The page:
Facts and myths

Myth:

Recycling e-waste is environmentally and energetically more demanding than its incineration or landfilling.

Fact:

Because landfills and incinerators are subject to strict environmental limits, toxic emissions to the atmosphere are practically excluded. It is important to realise, however, that all the substances that are difficult to extract thereby end up in the atmosphere even though they could be reused through recycling. Landfills merely store the waste material and do not process it further.

On the other hand, recycling today allows us to use approximately 80% of materials contained in e-waste. For example, a mobile phone contains 0.0034 grams of gold. Mining this amount of gold would create more than 100 kg of waste, in addition to greater CO2 emissions.

Secondary materials acquired by recycling bring considerable advantages. For example, recycling of iron results in 74% savings of electricity and 90% of primary materials, an 86% reduction in air pollution, 40% savings of water, a 76% reduction in water pollution, a 97% reduction of mining waste, and a 106% reduction of communal waste.

Positive environmental impacts of recycling electrical and electronic equipment were evaluated through unique Life Cycle Assessment studies of discarded television sets and PC monitors as well as of small electrical and electronic equipment. Its methodology and results can be found in the Processors section.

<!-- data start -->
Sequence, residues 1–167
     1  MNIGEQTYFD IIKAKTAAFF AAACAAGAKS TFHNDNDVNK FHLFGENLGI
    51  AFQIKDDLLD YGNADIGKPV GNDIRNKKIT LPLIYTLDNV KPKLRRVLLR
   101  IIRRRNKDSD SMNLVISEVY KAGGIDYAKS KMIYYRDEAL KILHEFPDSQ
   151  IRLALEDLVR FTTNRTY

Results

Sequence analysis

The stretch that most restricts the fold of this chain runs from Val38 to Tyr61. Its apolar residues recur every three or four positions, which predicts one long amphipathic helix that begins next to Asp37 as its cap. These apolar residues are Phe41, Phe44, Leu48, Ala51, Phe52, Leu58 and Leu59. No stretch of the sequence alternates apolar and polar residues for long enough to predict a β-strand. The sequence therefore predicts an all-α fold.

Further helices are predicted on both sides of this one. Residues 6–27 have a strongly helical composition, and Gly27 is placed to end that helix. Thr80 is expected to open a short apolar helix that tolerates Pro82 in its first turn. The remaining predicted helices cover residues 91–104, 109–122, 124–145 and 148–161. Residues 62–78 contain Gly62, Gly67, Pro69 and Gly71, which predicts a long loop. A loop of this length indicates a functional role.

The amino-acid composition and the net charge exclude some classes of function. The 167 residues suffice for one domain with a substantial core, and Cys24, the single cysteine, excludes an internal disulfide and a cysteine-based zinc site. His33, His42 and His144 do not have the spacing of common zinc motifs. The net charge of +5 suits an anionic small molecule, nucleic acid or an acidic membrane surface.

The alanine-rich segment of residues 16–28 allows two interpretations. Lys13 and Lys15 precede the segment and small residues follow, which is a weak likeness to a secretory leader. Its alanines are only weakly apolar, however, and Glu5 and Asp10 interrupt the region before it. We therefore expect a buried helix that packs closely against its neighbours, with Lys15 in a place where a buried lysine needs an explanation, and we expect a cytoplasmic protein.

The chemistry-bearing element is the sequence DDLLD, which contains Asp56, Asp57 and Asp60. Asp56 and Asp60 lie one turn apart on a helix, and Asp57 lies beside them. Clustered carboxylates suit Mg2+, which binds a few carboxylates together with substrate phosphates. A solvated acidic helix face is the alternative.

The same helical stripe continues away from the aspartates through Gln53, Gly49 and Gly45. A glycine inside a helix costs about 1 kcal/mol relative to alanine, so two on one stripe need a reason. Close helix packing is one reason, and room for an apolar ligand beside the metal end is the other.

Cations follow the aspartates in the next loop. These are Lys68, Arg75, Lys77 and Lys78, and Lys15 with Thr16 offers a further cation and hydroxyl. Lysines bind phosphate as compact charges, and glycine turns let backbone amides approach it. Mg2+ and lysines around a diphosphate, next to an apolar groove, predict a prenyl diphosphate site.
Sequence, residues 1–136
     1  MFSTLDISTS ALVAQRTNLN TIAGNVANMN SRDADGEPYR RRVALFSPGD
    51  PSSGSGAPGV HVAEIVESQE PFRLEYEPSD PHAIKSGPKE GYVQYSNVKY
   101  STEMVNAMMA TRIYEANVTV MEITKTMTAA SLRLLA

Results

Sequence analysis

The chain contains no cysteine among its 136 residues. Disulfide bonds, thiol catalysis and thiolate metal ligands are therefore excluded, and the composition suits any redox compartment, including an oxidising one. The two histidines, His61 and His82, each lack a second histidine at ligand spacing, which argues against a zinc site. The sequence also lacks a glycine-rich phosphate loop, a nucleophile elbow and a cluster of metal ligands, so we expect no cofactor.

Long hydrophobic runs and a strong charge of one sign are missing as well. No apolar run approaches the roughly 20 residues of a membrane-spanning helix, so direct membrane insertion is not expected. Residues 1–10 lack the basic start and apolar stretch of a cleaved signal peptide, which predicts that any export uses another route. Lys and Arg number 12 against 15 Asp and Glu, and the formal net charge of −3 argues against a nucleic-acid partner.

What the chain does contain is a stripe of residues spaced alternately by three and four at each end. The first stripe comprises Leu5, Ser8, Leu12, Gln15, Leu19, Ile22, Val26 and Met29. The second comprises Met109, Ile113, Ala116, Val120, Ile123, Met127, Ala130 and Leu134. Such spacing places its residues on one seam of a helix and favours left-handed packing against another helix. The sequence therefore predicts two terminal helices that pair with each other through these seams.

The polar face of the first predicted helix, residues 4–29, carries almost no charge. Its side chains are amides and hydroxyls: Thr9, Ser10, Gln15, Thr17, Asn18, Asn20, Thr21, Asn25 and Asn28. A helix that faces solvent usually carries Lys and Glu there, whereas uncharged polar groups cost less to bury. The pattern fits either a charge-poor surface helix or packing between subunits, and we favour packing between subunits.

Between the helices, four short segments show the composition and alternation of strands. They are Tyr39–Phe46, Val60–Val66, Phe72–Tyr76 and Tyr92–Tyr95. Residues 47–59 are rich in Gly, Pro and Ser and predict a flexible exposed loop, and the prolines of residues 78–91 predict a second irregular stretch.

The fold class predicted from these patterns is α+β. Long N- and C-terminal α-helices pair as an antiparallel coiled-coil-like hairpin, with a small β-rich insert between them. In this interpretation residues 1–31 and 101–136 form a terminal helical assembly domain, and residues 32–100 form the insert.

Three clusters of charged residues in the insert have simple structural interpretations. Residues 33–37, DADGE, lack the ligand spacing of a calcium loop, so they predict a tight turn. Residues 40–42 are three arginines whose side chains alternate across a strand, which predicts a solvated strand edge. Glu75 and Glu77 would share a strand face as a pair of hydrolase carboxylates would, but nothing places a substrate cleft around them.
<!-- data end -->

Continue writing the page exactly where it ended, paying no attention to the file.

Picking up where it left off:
Myth:

There’s too much ado about e-waste. It represents only a small proportion in comparison to the other types of waste.

Fact:

E-waste is currently the fastest growing type of waste. Worldwide, it already accounts for up to 5% by weight of solid household waste, almost as much as plastic packaging.

In EU countries, where households produce approximately 8 million tonnes of e-waste per year, the volume of e-waste increases by 3 to 5% per year, almost three times as fast as does the overall waste volume. Experts estimate that in 2020 alone the EU will have to deal with almost 11 million tonnes of e-waste. Ten years after that, annual production will rise to almost 14 million tonnes. Organisations and companies, meanwhile, will produce approximately an additional 3 million tonnes of e-waste.

Myth:

It is best to leave the appliance next to the waste bin. There’s always someone in need who can use it.

Fact:

This is a really erroneous idea. By leaving an appliance next to a waste bin, you commit an offense for which a fine of as much as CZK 20,000 can be imposed by law. In addition, even if someone would be interested in the abandoned appliance, he or she can easily find it considerably damaged by the elements and other influences. Moreover, the probability that whoever finds it will hand it over for recycling is very low.

Myth:

Companies collecting e-waste are getting rich on it.

Fact:

In the Czech Republic, only compliance schemes are entitled to collect e-waste, and by law they have a not-for-profit character. Compliance schemes provide for collection, transportation and recycling of ewaste. These companies are financed by producers and importers of electrical and electronic equipment, which have been obliged by law to do so since 2005. Compliance schemes receive just enough money in order to fund their operations. Their management is strictly monitored not only by their founders but also by leading audit companies.

Myth: